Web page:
Irene, 55, and Matt Kelly, 48, met 25 years ago in Dublin. They fled to Manchester with Irene's three children from a former marriage to escape their pasts and it was there they had Jennifer, now 22. As the older children left home, Irene fell deeper into depression and painter and decorator Matt was unable to reach his wife. His portrait of Irene, The Faceless Woman, illustrates how Irene hid her pain from even those closest to her. Jennifer's childhood was lonely and confusing – her unpredictable mother was there in body but absent in mind and spirit, locked away in a world of misery. A trip to Ireland to give evidence to the Residential Institutions Redress Board was the catalyst that finally brought Irene's past out into the open but the lack of an apology or justice for Irene made things worse. Indeed, she describes the compensation from the Board as no more than 'blood money', used to silence the victims of the orphanages since they were all forced to sign confidentiality waivers preventing them from naming or identifying their abusers. This is why Jennifer, Irene and Matt are all pseudonyms.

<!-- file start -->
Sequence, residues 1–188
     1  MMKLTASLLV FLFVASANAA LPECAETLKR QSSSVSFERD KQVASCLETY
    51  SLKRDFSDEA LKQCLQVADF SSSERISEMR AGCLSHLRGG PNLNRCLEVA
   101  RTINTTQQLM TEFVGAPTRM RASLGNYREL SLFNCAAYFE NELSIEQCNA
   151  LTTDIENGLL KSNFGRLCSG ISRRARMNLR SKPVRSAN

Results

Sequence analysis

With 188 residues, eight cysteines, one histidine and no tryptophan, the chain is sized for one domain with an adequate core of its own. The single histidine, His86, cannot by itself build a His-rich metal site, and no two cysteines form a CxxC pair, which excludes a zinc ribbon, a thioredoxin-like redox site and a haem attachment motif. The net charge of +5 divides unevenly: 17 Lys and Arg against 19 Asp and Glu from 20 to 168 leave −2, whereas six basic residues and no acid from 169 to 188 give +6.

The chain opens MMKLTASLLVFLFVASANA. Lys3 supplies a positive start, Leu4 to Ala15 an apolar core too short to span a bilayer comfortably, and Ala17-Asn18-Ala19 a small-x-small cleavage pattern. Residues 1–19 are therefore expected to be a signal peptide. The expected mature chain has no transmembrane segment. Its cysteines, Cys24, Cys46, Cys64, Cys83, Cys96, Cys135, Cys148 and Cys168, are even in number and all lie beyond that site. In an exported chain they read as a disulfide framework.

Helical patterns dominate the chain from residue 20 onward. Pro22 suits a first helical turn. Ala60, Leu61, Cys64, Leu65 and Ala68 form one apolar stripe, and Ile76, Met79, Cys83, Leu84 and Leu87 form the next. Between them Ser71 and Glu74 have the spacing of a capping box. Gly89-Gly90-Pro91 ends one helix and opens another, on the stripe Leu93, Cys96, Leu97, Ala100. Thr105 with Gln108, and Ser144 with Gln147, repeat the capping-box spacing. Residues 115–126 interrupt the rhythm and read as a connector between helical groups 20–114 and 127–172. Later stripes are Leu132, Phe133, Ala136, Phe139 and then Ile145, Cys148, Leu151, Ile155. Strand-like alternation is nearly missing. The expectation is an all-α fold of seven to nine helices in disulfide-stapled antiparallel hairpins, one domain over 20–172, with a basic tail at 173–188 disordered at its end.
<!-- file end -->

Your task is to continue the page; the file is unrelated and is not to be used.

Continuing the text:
Irene's already fragile mental state was thrown into crisis after giving her evidence and it was then Jennifer learned the truth about her father Matt and the dark family secret he too had kept hidden. They now had to face the terrible events of the past as a family, together.
In The Faceless Woman, all three tell the story of how they struggled to cope with the fallout from their traumatic childhood's and how they learned to trust each other enough to build a strong future together.